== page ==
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    John Carmack
      Forget about his Ferraris and opulent lifestyle. John Carmack's revolutionary 3-D engines for id Software have forged a whole new genre in computer gaming. The idea of placing the player directly in the thick of the action, inside the headspace of the protagonist, would seem a simple enough idea, and it is. But computer gaming and id needed someone to realize this concept. Sure enough, Carmack came through with the Wolfenstein 3D engine, and the term "first-person shooter" was born. From then on, Carmack's talent became more refined as did the genre. Soon thereafter he created an even stronger 3-D engine that enhanced the realism and the immersion into the morbid dungeons of id's smash game Doom.

In the following years, just about every other game company had a "Doom-clone" for sale (as the genre would become known). Some of these, such as Duke Nukem 3D, proved to be noteworthy entries into the genre. But they were all put to shame with Quake, and moreover, with the Quake engine. The first game to create a true 3-D experience for the player, Quake allowed a player to aim his or her view up or down, while retaining correct perspective. As the computer gaming world struggled to find a concise and usable name for the genre - first-person shooter, 3-D shooter, and others were bandied about - what eventually stuck was "Quake Killers," which also describes the main objective of these games.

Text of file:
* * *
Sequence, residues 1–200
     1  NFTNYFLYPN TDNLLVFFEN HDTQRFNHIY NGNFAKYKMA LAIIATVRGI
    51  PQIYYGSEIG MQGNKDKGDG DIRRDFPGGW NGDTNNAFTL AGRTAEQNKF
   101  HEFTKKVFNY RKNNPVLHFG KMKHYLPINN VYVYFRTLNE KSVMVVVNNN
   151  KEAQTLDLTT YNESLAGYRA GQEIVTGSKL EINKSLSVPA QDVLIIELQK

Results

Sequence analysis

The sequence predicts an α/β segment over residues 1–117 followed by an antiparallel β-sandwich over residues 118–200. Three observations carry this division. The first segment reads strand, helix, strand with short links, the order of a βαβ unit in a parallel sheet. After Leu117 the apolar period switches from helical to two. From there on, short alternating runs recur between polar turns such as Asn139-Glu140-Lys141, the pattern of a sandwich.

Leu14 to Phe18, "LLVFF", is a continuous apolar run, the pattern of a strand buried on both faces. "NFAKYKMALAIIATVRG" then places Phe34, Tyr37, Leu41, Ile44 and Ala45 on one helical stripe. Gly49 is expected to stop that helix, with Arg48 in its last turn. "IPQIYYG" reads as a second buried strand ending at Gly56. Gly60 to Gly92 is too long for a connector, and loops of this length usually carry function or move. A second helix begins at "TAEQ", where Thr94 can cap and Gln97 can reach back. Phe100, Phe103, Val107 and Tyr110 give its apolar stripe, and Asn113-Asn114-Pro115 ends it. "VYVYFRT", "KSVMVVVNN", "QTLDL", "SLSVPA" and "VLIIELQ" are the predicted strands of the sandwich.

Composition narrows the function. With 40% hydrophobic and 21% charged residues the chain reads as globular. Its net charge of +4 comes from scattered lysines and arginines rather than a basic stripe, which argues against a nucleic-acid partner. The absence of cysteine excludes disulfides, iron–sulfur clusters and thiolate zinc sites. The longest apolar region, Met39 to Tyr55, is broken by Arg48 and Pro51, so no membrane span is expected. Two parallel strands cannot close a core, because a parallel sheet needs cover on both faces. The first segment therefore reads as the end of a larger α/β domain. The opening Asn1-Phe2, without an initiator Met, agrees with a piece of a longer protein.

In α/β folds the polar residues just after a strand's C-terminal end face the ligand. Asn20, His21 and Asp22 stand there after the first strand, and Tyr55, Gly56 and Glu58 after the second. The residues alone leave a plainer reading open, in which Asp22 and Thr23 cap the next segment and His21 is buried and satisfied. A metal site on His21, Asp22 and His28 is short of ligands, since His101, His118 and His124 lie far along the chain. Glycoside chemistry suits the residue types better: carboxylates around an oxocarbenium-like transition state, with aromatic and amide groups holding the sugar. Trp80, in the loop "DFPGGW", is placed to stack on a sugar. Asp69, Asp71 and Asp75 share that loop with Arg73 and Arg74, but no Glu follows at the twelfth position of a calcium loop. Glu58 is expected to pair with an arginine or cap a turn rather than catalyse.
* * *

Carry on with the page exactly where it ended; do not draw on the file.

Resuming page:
And computer gaming's most influential person of all time is...

 
   
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